Objective:The aim was to formulate practice guidelines for the diagnosis and treatment of polycystic ovary syndrome (PCOS).Participants:An Endocrine Society-appointed Task Force of experts, a methodologist, and a medical writer developed the guideline.Evidence:This evidence-based guideline was developed using the Grading of Recommendations, Assessment, Development, and Evaluation (GRADE) system to describe both the strength of recommendations and the quality of evidence.Consensus Process:One group meeting, several conference calls, and e-mail communications enabled consensus. Committees and members of The Endocrine Society and the European Society of Endocrinology reviewed and commented on preliminary drafts of these guidelines. Two systematic reviews were conducted to summarize supporting evidence.Conclusions:We suggest using the Rotterdam criteria for diagnosing PCOS (presence of two of the following criteria: androgen excess, ovulatory dysfunction, or polycystic ovaries). Establishing a diagnosis of PCOS is problematic in adolescents and menopausal women. Hyperandrogenism is central to the presentation in adolescents, whereas there is no consistent phenotype in postmenopausal women. Evaluation of women with PCOS should exclude alternate androgen-excess disorders and risk factors for endometrial cancer, mood disorders, obstructive sleep apnea, diabetes, and cardiovascular disease. Hormonal contraceptives are the first-line management for menstrual abnormalities and hirsutism/acne in PCOS. Clomiphene is currently the first-line therapy for infertility; metformin is beneficial for metabolic/glycemic abnormalities and for improving menstrual irregularities, but it has limited or no benefit in treating hirsutism, acne, or infertility. Hormonal contraceptives and metformin are the treatment options in adolescents with PCOS. The role of weight loss in improving PCOS status per se is uncertain, but lifestyle intervention is beneficial in overweight/obese patients for other health benefits. Thiazolidinediones have an unfavorable risk-benefit ratio overall, and statins require further study.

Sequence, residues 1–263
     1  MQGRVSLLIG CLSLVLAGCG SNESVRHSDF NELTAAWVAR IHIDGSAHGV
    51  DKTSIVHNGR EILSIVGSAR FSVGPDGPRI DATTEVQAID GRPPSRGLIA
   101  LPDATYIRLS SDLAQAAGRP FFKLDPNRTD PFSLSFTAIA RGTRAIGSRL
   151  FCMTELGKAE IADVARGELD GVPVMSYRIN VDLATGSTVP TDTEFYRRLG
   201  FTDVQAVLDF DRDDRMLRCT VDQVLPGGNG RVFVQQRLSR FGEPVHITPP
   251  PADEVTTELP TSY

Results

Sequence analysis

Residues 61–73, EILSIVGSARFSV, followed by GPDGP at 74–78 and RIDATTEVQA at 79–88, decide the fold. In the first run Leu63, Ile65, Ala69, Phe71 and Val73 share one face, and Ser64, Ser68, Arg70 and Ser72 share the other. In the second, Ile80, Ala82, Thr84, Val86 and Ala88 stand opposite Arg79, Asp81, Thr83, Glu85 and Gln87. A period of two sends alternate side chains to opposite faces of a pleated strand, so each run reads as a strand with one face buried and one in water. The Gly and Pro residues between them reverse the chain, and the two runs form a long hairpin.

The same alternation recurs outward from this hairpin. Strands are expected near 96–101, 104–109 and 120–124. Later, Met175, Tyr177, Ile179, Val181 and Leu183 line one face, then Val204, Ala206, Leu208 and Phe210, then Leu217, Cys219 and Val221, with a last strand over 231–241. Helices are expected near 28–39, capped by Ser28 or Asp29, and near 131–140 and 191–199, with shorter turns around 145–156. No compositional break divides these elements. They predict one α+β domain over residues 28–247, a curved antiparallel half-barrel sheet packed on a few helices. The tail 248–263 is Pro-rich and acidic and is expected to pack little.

- [PubMed – as supplied by publisher]